When we get Indy the issue which holds the SNP together is no longer a factor.  The SNP is bound to fracture and coalesce with remnants of Tory and Labour to form new left and right of centre parties. 

The Greens will have much more influence in post Indy Scotland than they do in the UK because the proportional representation system for the Scottish parliament is far better for them than the FPTP for Westminster. They'll pick up voters and politicians from the major parties as the environment will be top of many people's agenda once independence is achieved.

My guess is that within ten years of Indy we'll have got rid of the monarchy and aristocratic titles and there will have been serious land reform.   The way to get the landowners is to grind them down through the tax system and it'll take powers currently held by Westminster to do it.

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Deleted bagger 07 Nov 2019
In reply to Kevin Woods:

> Pretty amazing how much got done in the opening years. I look now wondering where it all ground to a halt. I just finished Soil and Soul by Alasdair Macintosh a book covering the Eigg buy-out, among other things.

Not every native of Eigg was happy with the community buy out. Several people were effectively driven out by the Trust. Eigg's got a good propaganda machine.

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Kevin Woods 08 Nov 2019
In reply to Deleted bagger:

I'm sure they didn't. But I don't believe a system that allows Eigg to do what it's done in the past twenty five years is not worthy of a closer look.

Or you're broadly saying that landlordism is indeed the answer - as though that and feudalism hasn't been a nail in the coffin for Highland communities historically.

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Kevin Woods 08 Nov 2019
In reply to Tom Ripley:

Just reading back I feel like I've derailed this thread a bit, sorry!

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Deleted bagger 08 Nov 2019
In reply to Kevin Woods:

> I'm sure they didn't. But I don't believe a system that allows Eigg to do what it's done in the past twenty five years is not worthy of a closer look.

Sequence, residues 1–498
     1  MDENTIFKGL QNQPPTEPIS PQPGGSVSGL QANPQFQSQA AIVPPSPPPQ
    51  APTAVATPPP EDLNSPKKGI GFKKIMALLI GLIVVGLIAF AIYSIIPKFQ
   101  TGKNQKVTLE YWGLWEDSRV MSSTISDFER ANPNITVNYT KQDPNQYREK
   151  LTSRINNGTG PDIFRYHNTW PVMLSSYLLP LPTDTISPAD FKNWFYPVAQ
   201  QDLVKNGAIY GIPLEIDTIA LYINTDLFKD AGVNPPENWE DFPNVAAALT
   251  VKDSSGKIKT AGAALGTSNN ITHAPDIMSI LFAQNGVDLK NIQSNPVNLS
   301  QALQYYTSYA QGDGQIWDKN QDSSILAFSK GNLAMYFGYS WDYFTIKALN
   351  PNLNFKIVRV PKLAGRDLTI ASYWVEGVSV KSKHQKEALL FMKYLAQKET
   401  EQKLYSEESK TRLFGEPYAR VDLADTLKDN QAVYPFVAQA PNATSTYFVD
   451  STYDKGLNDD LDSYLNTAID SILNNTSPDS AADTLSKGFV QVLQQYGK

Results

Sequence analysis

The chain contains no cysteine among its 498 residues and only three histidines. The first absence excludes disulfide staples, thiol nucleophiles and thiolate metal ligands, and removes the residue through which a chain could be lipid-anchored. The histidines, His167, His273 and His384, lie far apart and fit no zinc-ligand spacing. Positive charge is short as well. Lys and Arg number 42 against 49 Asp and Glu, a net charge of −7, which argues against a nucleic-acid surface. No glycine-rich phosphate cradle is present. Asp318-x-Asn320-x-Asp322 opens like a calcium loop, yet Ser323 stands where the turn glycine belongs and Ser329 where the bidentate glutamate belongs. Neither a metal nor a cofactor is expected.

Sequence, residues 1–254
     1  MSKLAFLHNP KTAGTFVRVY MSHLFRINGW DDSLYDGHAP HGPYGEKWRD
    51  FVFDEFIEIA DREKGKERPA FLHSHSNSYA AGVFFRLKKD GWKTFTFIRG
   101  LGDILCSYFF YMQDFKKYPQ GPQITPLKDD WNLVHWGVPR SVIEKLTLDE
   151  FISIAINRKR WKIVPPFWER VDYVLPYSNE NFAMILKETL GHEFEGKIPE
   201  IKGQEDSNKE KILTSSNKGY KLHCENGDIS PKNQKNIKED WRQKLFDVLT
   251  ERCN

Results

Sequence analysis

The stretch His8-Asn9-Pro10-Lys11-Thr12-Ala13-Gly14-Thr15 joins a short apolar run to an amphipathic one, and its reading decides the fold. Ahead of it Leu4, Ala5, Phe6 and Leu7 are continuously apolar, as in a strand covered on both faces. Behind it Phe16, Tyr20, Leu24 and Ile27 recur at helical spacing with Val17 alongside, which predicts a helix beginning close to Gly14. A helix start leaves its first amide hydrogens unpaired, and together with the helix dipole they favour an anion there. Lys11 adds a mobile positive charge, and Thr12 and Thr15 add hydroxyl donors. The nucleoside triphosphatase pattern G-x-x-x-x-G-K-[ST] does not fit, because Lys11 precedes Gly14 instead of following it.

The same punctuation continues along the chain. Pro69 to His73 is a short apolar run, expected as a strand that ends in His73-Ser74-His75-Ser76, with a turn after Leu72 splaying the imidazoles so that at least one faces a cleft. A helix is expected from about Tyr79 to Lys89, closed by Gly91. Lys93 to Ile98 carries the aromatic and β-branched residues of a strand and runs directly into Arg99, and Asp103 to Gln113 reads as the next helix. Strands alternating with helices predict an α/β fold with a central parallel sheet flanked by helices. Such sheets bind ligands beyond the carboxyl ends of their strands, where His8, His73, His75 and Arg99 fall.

> Or you're broadly saying that landlordism is indeed the answer - as though that and feudalism hasn't been a nail in the coffin for Highland communities historically.

As always it's good to get information from multiple sources. Whilst I'm no fan of landlordism it is true to say that Community Trusts or conservation charities have the the potential to be  bad landlords. People born and bred on Eigg where ostracized and felt compelled to leave.

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In reply to Tom Ripley:

Just to bring it back to the topic (sorry guys - interesting discussion!) ... they've properly mucked up that glen haven't they. 

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ScraggyGoat 08 Nov 2019
In reply to Dan Bailey - UKHillwalking.com:

Yep amazing in its extent and the brazenness of the low cost low quality track construction.  I still can't quiet fathom how small micro hydro plants, providing episodic variable output, susceptible to sedimentation blockage, and transmission losses can financially support that amount of plant and earth moving.

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Kevin Woods 08 Nov 2019
In reply to ScraggyGoat:

I'm also not sure why they felt the need to put tracks in on both sides of that Loch Quoich inlet.

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ScraggyGoat 08 Nov 2019
In reply to Kevin Woods:

The west side had the original access, though its been 'beefed up'.  I presume the bridge either had a weight or width restriction, hence the new one on East side (but it is an awful mess). Though the reservoir water level scar is also bad.  Given that arm of the reservoir hasn't been inundated for years, it would have been possible to have made the track lower on that scar line (assuming it had to be done).........rather than higher; I think the contractors probably took the owners for all they could...................still amazing even with ?subsidy? that it can be profitable.....

Post edited at 11:52
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Eric9Points 08 Nov 2019
In reply to smally:

Given that land reform was one of the first major reforms brought in by the Scottish Government after devolution and after wide consultation with other parties, both politics and those of a more general interest, what further reforms do you realistically expect?

I'd suggest if you do want further changes then in 2021 vote for the party that says it will deliver them. In the meantime why not keep up the pressure on your MSP.

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Jim Fraser 00:16 Sun
In reply to ScraggyGoat:

> Pre Indy and post Indy the SNP will not do anything that might affect the economy, and that includes upsetting landed money.

The big problem there of course is that landed money and their joke economy are not wealth creators in the Highland economy. Their impact is smaller than hilwalking and climbing and stands in the way of economically and environmentally sustainable future for the Highlands. I remember sitting beside a Mr Wightman at a seminar 20 years ago where this was discussed in some detail, so it's not news. 

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Tom Ripley 09:43 Mon

Whoa I opened a right can of worms there... thanks for the info.